What is the evidence that "misandry" exists apart from the cobbling together some greek words?

Men are not hated as a group, men are seen as superior because of their ownership of a penis and receive many economic and social rewards because of it.

I think definitions do matter - otherwise we all end up talking across purposes.

But proving the existence of the word does not prove the existence of what the word refers to. Saying that 'misandry' does exist because some people hate men only makes sense if you think 'misogyny' is just hatred of women, with no attached structural reinforcement in wider society.

There is nothing wrong with defining misogyny and misandry in that way (save that the word 'sexism' already exists and is perfectly good). But then we would, I think, need a word to describe the systematic oppression of women in society, to which there is not an equivalent or equivalently systematized oppression of men in society.

Trills Fri 06-Jan-12 13:56:23

Good explanation Cogito.

Hatred is something that happens in people's heads, therefore if it happens in one person's head then it exists.

TeamDamon Fri 06-Jan-12 13:57:29

I think it is possible for a woman to be a misandrist, just as it is possible for a man to be a misogynist.

I don't think that on a global scale the two can be considered comparable. That is not to say that misandry doesn't exist.

TeamDamon Fri 06-Jan-12 13:58:23

Yes, I think LRD put what I was thinking much much more articulately!

Trills Fri 06-Jan-12 13:59:27

I don't think I have posted even once on this thread without other people posting in the time between me reading and hitting "post"

Yes, it's a really interesting thread, thanks OP!

CogitoErgoSometimes Fri 06-Jan-12 14:07:08

"What is the evidence that "misandry" exists apart from the cobbling together some greek words?"

I'll ignore the fact that you've cobbled together quite a few greek, latin and words of other origin to create that sentence. smile Men have not been subjected to violence and oppression by women. That's not the debate. The debate is does misandry exist. Looking at a phrase like 'all men are rapists' ... which was something of a rallying cry in feminist circles in the 1970s and I'd hope you agree that it's a misandronic statement. They absolutely hated men as a group.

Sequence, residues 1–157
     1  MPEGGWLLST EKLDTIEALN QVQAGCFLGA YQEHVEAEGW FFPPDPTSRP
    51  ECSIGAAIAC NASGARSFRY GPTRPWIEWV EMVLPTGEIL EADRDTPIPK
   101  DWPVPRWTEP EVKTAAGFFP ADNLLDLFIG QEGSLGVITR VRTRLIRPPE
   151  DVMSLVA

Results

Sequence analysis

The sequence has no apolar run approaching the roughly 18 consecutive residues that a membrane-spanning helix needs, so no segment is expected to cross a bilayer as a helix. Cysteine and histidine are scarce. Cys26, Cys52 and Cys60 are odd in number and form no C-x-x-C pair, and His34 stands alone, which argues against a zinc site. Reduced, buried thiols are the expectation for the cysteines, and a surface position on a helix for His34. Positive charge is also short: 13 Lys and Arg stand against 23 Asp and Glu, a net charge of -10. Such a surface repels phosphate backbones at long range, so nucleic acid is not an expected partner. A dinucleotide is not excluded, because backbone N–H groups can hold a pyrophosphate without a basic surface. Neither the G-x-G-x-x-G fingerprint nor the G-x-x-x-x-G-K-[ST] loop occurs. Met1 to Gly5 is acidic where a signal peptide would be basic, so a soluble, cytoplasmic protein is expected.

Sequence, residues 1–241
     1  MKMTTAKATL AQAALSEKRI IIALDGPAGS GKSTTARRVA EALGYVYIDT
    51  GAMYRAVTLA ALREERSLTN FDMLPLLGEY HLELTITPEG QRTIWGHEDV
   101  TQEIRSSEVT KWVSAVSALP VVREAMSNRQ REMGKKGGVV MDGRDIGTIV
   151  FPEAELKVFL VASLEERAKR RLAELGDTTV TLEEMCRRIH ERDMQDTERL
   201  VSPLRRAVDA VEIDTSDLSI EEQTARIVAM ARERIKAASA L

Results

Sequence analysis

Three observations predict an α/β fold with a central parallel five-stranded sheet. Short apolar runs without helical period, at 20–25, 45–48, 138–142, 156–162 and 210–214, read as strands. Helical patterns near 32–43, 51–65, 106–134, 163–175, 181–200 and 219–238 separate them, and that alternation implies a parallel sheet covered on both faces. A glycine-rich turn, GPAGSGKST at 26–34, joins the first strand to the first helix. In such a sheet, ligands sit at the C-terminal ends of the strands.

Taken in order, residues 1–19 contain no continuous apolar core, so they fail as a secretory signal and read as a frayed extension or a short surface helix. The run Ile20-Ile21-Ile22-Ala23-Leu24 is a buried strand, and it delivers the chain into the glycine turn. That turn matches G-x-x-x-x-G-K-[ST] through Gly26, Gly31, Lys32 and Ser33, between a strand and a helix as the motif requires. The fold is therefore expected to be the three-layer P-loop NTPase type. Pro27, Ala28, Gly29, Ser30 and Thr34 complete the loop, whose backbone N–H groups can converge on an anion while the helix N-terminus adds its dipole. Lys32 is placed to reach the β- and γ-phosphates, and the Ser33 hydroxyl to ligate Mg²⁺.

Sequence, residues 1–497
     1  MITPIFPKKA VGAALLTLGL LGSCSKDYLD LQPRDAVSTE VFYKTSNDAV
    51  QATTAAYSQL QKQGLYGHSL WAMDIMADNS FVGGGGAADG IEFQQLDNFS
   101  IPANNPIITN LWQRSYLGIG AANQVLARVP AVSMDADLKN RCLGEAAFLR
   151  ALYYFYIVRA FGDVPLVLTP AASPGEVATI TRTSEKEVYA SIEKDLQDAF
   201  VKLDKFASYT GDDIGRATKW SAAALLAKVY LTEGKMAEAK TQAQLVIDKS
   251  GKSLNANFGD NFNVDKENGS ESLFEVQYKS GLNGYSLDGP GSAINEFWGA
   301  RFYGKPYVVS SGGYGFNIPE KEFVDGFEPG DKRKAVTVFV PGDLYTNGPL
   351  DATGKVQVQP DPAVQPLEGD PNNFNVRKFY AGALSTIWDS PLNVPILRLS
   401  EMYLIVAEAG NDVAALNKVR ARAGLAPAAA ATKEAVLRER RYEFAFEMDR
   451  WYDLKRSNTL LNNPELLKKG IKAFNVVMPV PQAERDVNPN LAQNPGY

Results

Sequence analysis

KRITIQ Fri 06-Jan-12 14:09:11

Windyandrainy, Urban Dictionary isn't known for being sensitive or inclusive in its language! The content is user generated, so you'll also find plenty of sexist definitions there. However, the one Team Damon linked to kind of busts open what's behind the concept of "misandry."

Earlier today, I peeked into an old discussion forum I used to be fairly active in to find alot of white folks wailing about Dianne Abbot's recent Tweet taken out of context. as yet "further evidence" of reverse discrimination against white people. On another thread, some bemoaned the money spent pursuing and convicting two men for the murder of Stephen Lawrence with comments like, "they wouldn't have spent that money if he'd been white." Apart from completely missing the point about why it too nearly two decades for anyone to be brought to justice for his murder, these are examples of the "backlash" against perceived gains by people of colour in society.

Misandry - the idea that there is another side of the coin which is equal to misogyny is the product of a backlash against the perceived gains of women in society.

It comes from the idea that you can "neutralise" claims that some people are privileged while others suffer injustice and oppression by insisting that those seen as privileged are equally victims of some kind of injustice or oppression. If it's all "even steven," then nothing needs to be done about those original claims of oppression.

Cogito, I don't quite get your thinking on definitions in that last post. Okay, if misogyny is the hatred, distrust or dislike of women, then misandry would be the hatred, distrust or dislike of men. Yes, there are probably a few women who hate, distrust and dislike men. But, not only are there quite a few men who hate, distrust and dislike women, they are "supported" in that view by political, social and economic institutions that perpetuate hate, distrust, dislike, disadvantage, inferiority, abuse, etc. of women. Because of the vastly different "scales," the two concepts in now way could be considered to be counterparts.

MillyR Fri 06-Jan-12 14:09:45

The issue with racism and societies in which race wouldn't exist as a social construct, I would say in such a society that a person could be capable of disliking geographically linked human variation, which most certainly does exist. But then that person might dislike people like me for their lack of ability to have a functioning placenta in a high altitude part of South America, or my lower lung capacity than certain groups in East Africa. It wouldn't be based on lumping all 'black' people together as if they share a wide number of physical traits when they are in fact a hugely disparate group, because 'black' is a social construct.